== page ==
All the camping equipment and release enclosure framework and wire was loaded into the Sarteneja bus
At Cowpen, the kit was then loaded into the boat, with the help of the Fireburn Community, and carried across the lagoon...
It then had to be carried into the forest for more than 7km by tractor...
...a journey that continued into the night, with the tractor getting stuck in deep ruts on the track
The camp is set up...the Tracking Team are going to be here in rotation for up to a year to ensure the spider monkey release is a success.
...they have set up their kitchen and dining area.... cooking by solar lanterns and candlelight...
Fried jacks and plantains, as always, are on the menu!
The enclosure framework came together fast...
...followed by the wire
The release enclosure takes shape in the two week run-up to the spider monkey transfer
All members of the Team worked hard to ensure the enclosure was ready for the spider monkeys
...erecting the internal enclosure post-and-pole climbing frame and shelf for the monkeys
Last but not least, the final boards are put in place to prevent any wildlife from digging in
This includes the assistance of two primate specialists - the Twycross head vet, Mátyás Liptovszky and primate specialist carer Lainy Miller. They arrived on the 16th January, and spent the 17th conducting the health assessments on the five spider monkeys being released.
We have also been very fortunate to have the support of in-country vets - Isabelle Paquet-Durand of the Belize Wildlife and Referral Clinic in the darting of the spider monkeys for the health checks, and Jane Crawford and Philip De Shield of Belize's Animal Medical Centre assisting with the assessments and blood tests. - it was great to be working with such fantastic, dedicated people!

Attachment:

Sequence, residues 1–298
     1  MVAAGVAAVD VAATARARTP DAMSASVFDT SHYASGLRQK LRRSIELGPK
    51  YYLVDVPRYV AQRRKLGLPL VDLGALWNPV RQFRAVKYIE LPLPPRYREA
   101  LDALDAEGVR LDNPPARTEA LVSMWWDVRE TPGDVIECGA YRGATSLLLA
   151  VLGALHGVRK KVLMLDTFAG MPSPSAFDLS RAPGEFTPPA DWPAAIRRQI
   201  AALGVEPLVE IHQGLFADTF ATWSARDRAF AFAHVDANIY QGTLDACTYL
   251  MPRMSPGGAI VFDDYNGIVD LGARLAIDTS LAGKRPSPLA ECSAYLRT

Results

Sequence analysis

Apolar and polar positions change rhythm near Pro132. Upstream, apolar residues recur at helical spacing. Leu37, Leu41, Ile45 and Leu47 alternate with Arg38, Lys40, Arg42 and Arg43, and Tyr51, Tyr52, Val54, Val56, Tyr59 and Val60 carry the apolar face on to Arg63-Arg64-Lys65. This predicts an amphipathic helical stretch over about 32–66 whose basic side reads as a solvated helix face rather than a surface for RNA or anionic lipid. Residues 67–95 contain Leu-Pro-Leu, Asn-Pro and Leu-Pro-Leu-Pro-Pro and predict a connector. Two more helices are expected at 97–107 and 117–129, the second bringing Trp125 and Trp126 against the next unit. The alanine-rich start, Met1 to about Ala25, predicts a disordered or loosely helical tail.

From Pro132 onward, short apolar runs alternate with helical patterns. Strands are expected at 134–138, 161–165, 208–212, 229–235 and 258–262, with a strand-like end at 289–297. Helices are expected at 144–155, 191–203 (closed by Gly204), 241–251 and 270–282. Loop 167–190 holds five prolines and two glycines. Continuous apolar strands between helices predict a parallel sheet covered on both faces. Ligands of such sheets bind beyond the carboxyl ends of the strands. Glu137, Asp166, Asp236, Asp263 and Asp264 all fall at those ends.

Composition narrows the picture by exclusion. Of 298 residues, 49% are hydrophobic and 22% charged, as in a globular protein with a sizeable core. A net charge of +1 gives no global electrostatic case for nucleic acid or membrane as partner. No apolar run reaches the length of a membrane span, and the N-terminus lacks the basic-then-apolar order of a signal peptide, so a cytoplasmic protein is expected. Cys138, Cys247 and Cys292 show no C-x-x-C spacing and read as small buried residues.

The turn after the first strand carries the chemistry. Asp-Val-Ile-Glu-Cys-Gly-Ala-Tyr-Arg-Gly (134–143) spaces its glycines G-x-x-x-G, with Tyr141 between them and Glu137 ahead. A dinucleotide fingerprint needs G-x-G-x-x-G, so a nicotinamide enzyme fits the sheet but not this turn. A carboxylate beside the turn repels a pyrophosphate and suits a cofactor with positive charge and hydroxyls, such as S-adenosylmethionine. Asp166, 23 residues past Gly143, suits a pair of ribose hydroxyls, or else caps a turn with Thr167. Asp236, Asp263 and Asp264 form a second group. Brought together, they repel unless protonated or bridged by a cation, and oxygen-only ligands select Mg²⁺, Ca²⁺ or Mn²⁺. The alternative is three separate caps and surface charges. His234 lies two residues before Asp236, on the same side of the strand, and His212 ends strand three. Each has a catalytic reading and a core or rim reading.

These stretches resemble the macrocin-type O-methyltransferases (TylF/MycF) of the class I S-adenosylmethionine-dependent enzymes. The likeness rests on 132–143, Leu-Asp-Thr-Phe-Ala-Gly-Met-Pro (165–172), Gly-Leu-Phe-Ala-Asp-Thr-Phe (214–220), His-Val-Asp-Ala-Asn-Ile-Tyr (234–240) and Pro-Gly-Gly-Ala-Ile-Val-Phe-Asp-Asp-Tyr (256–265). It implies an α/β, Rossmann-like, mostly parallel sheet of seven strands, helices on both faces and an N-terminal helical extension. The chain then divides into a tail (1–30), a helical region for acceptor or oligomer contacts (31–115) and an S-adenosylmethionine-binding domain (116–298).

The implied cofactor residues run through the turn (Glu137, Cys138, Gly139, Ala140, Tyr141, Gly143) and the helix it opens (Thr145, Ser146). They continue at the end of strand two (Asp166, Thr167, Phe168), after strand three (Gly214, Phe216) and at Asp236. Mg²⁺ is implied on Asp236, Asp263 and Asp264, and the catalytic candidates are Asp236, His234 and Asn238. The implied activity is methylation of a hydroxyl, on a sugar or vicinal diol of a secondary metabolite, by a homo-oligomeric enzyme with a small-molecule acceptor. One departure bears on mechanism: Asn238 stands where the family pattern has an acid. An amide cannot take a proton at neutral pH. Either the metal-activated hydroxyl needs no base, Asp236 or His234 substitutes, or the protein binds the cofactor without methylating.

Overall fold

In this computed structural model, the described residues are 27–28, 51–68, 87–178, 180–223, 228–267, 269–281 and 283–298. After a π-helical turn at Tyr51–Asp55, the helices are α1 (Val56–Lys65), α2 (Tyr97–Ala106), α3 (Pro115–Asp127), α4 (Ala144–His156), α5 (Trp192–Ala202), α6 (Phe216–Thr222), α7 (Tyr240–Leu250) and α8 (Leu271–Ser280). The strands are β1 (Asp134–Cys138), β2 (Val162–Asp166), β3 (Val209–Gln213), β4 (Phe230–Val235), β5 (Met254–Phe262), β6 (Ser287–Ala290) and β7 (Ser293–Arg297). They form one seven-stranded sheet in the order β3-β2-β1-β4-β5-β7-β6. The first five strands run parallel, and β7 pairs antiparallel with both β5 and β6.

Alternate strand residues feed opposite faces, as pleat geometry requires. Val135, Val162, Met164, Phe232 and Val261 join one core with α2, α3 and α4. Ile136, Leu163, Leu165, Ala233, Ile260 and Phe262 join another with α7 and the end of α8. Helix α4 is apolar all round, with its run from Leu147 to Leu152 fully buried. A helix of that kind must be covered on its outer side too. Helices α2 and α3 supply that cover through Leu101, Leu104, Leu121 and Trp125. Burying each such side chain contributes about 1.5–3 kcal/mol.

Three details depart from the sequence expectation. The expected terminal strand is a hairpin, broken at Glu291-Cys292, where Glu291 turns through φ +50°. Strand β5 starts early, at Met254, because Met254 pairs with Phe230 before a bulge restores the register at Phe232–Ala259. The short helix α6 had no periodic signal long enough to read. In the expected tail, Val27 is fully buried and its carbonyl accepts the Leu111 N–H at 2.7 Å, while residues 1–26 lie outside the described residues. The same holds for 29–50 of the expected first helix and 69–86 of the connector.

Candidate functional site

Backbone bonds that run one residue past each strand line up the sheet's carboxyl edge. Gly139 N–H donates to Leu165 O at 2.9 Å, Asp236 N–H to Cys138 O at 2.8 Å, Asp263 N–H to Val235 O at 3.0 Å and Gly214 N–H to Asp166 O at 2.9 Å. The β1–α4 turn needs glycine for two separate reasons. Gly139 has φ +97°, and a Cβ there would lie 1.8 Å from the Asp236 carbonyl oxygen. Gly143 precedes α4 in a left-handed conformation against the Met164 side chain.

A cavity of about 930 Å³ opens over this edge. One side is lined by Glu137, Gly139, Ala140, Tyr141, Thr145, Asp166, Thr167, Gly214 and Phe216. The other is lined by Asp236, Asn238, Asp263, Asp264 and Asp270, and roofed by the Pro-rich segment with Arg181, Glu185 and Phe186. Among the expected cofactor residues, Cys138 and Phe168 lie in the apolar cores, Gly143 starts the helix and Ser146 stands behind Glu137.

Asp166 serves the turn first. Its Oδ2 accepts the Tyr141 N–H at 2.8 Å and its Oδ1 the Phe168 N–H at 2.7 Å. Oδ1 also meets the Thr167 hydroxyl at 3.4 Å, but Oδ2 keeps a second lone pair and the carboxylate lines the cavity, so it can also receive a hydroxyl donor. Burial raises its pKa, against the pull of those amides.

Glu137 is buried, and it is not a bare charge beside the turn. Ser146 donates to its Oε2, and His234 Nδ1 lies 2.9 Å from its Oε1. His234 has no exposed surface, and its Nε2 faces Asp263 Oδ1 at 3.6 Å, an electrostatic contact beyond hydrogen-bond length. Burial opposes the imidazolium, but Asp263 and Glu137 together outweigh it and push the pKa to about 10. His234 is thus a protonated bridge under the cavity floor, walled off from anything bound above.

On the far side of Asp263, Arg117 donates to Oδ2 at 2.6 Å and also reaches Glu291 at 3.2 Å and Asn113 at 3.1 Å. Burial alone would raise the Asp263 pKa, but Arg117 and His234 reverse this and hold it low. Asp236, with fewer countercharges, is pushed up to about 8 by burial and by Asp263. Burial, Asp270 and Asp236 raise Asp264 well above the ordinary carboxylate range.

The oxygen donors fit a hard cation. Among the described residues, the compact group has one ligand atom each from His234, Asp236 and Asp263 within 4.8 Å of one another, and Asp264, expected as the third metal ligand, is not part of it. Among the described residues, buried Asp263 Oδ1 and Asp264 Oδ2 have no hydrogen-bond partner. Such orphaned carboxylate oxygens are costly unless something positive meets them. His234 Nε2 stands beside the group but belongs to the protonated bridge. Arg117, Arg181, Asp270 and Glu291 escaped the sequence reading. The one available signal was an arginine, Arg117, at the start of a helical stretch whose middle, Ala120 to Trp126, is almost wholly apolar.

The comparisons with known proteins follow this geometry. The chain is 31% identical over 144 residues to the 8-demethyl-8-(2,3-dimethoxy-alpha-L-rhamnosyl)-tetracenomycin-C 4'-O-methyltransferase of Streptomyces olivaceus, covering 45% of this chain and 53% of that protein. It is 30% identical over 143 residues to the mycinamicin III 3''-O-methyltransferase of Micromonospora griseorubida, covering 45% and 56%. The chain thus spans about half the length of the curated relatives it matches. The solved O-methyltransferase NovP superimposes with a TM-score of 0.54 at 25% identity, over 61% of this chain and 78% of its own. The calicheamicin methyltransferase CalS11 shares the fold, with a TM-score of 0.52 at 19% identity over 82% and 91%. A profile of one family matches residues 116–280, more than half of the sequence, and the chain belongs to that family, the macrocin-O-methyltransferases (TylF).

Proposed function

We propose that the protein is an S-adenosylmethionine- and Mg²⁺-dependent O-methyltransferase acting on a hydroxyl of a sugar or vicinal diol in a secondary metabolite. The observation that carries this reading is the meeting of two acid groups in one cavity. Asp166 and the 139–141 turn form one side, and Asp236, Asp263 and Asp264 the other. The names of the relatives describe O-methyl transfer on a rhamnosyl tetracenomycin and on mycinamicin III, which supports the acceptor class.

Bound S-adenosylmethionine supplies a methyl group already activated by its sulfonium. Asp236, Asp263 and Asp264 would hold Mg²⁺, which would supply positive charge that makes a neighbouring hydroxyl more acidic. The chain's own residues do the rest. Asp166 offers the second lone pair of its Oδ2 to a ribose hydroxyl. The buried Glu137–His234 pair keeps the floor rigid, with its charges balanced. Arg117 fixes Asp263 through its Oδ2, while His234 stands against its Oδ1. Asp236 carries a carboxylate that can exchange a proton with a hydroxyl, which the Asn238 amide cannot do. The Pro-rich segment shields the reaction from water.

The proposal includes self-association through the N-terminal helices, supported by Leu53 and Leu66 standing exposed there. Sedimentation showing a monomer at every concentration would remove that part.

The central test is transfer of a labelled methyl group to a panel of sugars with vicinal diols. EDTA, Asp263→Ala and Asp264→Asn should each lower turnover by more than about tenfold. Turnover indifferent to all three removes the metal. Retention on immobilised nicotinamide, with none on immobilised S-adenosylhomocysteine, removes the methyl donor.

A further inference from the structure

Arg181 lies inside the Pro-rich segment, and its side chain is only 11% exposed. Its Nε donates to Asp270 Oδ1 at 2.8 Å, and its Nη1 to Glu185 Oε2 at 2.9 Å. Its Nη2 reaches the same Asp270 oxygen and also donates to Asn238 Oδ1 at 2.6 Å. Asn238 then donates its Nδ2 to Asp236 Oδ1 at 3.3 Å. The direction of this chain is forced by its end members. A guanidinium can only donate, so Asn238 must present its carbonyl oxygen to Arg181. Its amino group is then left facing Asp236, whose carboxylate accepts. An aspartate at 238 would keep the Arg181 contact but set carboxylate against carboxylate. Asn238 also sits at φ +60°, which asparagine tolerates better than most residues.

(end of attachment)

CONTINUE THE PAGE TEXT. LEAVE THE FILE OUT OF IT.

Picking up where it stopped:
Isabelle Paquet-Durand, from the Belize Wildlife and Referral Clinic, darted each monkey in preparation for the health checks.
Once under anaesthetic, each spider monkey was carried to the temporary vet clinic...and weighed
...the bag used to weigh them is symbolic of the contribution of this effort to achieving the outputs of Target C3 of Belize's National Biodiversity Strategy and Action Plan - Belize shall let no species become functionally extinct.
This group of spider monkeys - Charlie the flirt, Duma, Mel with her 'smoosh' face, Mattie and Penny - are critically endangered, with increasing threats of forest clearance and from the illegal wildlife trade throughout their range.
This project also contributes towards Belize's efforts to meet the global Sustainable Development Goal 15 - Life on Land (15.5 Take urgent and significant action to reduce the degradation of natural habitats, halt the loss of biodiversity and, by 2020, protect and prevent the extinction of threatened species).
The temporary vet clinic as health checks get underway...
Each monkey is fitted with a microchip above their shoulders for identification...
Dr. Philip de Shield and Dr. Jane Crawford, from the Animal Medical Centre in Belize City, also assisted - it was a great opportunity to be able to host them during the health checks, and will provide continuity once the spider monkey release is under way
After each health check was completed, the spider monkeys were monitored as they came round from the anaesthetic. Each sits in an individual kennel with cable ties keeping the doors closed - spider monkeys are the ultimate escape artists!
Eran Gissis, Lainy Miller, Mátyás Liptovszky, Vasco Jacke